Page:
Going back to the beginning of this conversation, Armenians did not enjoy watermelons in the winter, but the fruit brought some of the winter cold to their bodies. This was enough to give them the idea for the name.

Previous entries in “This Week in Armenian History” are on the Prelacy’s web page ( www.armenianprelacy. org ).

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Treaty of Batum (June 4, 1918)
The territory of the Republic of Armenia after the signature of the Treaty of Batum

In the early months of 1918, two parallel processes developed in the Southern Caucasus: on the one hand, Ottoman military actions, and on the other, diplomatic efforts. The signature of the Treaty of Batum marked a temporary end to both processes.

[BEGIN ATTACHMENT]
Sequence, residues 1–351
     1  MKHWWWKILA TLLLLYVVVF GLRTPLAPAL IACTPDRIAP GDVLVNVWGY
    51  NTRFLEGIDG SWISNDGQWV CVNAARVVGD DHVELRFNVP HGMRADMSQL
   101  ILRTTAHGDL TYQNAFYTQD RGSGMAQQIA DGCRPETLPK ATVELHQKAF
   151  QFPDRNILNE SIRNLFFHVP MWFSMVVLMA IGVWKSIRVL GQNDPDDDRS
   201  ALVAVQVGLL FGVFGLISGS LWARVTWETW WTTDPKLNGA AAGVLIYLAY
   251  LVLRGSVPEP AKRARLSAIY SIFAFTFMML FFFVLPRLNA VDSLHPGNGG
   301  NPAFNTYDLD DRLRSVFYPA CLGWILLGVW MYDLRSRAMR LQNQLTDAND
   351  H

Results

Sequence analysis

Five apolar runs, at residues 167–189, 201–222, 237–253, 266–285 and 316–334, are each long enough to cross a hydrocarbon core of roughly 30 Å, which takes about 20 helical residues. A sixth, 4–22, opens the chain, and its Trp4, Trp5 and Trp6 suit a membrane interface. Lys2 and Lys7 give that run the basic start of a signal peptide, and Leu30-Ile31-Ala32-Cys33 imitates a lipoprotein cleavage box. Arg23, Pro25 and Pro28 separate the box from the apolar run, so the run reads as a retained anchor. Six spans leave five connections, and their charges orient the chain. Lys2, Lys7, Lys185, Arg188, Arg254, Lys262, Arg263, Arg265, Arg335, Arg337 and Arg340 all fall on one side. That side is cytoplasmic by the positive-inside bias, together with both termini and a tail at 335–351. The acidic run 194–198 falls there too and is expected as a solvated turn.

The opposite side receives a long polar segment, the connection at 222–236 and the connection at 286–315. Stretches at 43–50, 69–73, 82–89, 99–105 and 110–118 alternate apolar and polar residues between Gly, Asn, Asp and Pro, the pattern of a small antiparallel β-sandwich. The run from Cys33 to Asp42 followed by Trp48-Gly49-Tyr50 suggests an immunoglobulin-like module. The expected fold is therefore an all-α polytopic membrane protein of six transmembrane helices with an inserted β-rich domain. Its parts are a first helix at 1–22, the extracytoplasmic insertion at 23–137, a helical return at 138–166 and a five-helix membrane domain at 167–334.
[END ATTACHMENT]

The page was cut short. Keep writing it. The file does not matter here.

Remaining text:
After the second Russian Revolution (November 7, 1917, according to the Gregorian calendar) and the seizure of power by the Bolsheviks headed by Lenin, Soviet Russia took measures to sign a separate peace with the Central Powers. Russians and Ottomans signed the armistice of Erzinga on December 5, 1917, ending the armed conflicts between both sides. The armistice was followed by the Treaty of Brest Litovsk (March 3, 1918), which marked Russia’s departure from World War I. The Ottoman Empire and the delegation of the Seim (Parliament) of Transcaucasia, formed by Georgians, Armenians, and Tatars (not yet named Azerbaijanis), held the peace conference of Trebizonda between March 14 and April 5. The Ottomans offered to surrender any ambition in the Caucasus in return for the recognition of the conditions of the Treaty of Brest Litovsk, which delivered Western Armenia, Kars, and Ardahan to the Ottoman Empire. Akaki Chkhenkeli, head of the Transcaucasian delegation, accepted the treaty as a basis for further negotiation. However, Armenians refused to accept the situation and hostilities resumed. The Ottoman army advanced further to the east, despite Armenian resistance.